Why is Mount Sinabung erupting?
Indonesia's volcanoes have been hitting the headlines over the past few months thanks to a series of eruptions across the archipelago. On Monday 19th February 2018, Mount Sinabung - one of three volcanoes currently erupting in the area - experienced its largest eruption this year, spewing thick ash and rock some 16,000ft into the air. Ash clouds soon descended on the communities below, spreading volcanic dust and dangerous particles for approximately three miles.
"Dangerous volcanoes can lie dormant for hundreds, thousands, even millions of years, and then erupt again."
Thankfully there's been no report of any injuries or fatalities, however eruptions such as this are very dangerous. Mount Sinabung revved back into life in 2010 after lying dormant for more than 400 years. It might sound unusual, but really this is quite normal behaviour: dangerous volcanoes can lie dormant for hundreds, thousands, even millions of years, and then erupt again.
Mount Sinabung later erupted in 2014 killing 16 people, and again in 2016, when seven people died. It's easy to see this forming some sort of pattern, but really there is no regular cycle for the behaviour of volcanoes.
How will this affect travellers?
Flights operating in and around the region have been warned with a 'red notice' regarding the ash cloud from Mount Sinabung. If you are travelling this week, do check to see if your flight has been affected, especially if you are travelling to Penang or Kuala Lumpur While Medan in Sumatra remains unaffected, it could be a different picture if the wind changes direction.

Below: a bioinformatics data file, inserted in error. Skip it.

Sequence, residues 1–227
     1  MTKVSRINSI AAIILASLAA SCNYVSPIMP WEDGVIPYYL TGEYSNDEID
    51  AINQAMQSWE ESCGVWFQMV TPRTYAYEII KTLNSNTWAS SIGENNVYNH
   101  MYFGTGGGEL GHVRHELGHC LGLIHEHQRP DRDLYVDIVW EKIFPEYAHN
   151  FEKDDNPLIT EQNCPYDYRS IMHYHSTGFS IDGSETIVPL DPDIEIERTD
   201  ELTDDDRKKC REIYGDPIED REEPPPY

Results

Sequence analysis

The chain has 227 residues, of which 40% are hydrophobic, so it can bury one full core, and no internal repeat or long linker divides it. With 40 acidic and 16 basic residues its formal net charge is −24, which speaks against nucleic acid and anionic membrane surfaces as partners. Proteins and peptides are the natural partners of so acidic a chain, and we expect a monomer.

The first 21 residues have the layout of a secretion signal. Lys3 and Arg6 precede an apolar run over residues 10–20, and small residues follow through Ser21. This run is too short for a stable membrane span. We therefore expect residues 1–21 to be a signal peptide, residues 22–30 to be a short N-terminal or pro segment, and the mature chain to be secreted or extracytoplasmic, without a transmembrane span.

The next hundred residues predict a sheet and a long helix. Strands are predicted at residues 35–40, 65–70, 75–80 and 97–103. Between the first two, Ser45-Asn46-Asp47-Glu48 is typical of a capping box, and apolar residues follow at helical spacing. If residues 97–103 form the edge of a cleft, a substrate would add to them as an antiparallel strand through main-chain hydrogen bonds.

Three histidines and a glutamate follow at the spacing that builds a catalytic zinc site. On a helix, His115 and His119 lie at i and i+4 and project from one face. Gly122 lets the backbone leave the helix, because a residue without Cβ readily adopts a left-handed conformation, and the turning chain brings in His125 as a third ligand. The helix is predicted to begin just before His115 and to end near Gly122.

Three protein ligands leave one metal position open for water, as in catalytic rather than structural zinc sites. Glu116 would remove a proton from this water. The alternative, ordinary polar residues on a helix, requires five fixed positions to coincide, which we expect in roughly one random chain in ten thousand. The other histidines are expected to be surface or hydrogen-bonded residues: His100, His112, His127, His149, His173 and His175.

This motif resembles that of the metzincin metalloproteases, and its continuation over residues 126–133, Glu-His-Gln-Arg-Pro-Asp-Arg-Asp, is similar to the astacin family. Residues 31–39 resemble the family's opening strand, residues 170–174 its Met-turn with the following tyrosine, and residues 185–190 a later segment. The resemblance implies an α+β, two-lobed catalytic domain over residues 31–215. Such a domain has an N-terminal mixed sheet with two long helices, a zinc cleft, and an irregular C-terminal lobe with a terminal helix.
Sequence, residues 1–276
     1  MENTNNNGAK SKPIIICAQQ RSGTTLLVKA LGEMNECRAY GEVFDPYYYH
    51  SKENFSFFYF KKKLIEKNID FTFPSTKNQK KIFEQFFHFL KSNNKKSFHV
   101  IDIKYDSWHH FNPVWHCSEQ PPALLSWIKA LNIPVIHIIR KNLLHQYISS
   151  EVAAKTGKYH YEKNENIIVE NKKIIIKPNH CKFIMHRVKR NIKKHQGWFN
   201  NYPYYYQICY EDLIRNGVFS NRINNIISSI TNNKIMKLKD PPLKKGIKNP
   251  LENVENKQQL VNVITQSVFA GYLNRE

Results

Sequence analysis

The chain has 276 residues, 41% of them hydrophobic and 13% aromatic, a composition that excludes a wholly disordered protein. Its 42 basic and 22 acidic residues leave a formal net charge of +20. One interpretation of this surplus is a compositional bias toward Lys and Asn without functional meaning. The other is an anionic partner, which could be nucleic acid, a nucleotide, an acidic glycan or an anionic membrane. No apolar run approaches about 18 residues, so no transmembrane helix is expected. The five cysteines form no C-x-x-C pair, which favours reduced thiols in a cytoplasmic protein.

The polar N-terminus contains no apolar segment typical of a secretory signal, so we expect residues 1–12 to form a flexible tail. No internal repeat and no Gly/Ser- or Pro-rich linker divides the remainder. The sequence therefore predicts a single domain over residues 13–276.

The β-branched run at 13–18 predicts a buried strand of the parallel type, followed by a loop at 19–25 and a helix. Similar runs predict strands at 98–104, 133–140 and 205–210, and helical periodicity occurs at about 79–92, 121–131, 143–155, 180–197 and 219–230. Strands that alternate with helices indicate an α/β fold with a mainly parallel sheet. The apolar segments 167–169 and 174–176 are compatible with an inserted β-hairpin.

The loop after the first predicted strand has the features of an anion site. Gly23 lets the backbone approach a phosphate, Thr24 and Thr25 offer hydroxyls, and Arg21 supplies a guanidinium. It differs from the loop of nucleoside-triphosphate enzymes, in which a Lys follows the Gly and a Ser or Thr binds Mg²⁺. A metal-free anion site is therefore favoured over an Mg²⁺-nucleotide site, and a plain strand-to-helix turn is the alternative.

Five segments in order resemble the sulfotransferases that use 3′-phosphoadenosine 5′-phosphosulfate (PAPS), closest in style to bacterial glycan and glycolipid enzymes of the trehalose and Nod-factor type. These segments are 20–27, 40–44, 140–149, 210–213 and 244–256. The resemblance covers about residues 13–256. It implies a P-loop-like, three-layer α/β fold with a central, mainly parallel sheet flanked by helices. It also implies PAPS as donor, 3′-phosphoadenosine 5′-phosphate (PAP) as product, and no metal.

Can we expect more eruptions from Mount Sinabung?
Honestly? No one really knows. While precautions are being taken, the problem is a lot of people live right under the volcano. This is typical in Indonesia because the valleys are very fertile (simply because of previous eruptions). Only the mountains to the northwest of the volcano are unpopulated.
There are more than 130 volcanoes in Indonesia, owing to its positions on the 'Ring of Fire'. This is a lively horseshoe-shaped belt of volcanic matter in the Pacific Ocean where plate movement regularly occurs triggering eruptions and earthquakes. There has been a noticeable increase in activity over the past few months, which is what has triggered the multiple eruptions across Indonesia.
"There have only been six major eruptions worldwide since 1815."
Should we be worried about the increase in activity from the Ring of Fire?
Eruptions and earthquakes are generally impossible to predict but they are more likely around the Ring of Fire than anywhere else in the world - 90% of the world's earthquakes occur in the Ring of Fire, and it's home to 75% of the world's active volcanoes. It just so happens that there have been a number of new eruptions recently:
- Mt Sinabung (Indonesia) - 2010 - continuing
- Mt Agung (Indonesia) - 2017 - continuing
- Mt Kadovar (Papua New Guinea) - Jan 2018 - continuing
- Kusatsu-Shirane (Japan) - Jan 2018 - continuing
- Mt Mayon (Philippines) - Jan 2018 - continuing
Whether an increase in volcanism and earthquakes over a short period of time is a predictor of more to come, who knows. In some respects, it could signal the opposite: if pressures have been vented (volcanically) or released in an earthquake, this can mean that potentially mega events are averted.
But we'll keep you posted...
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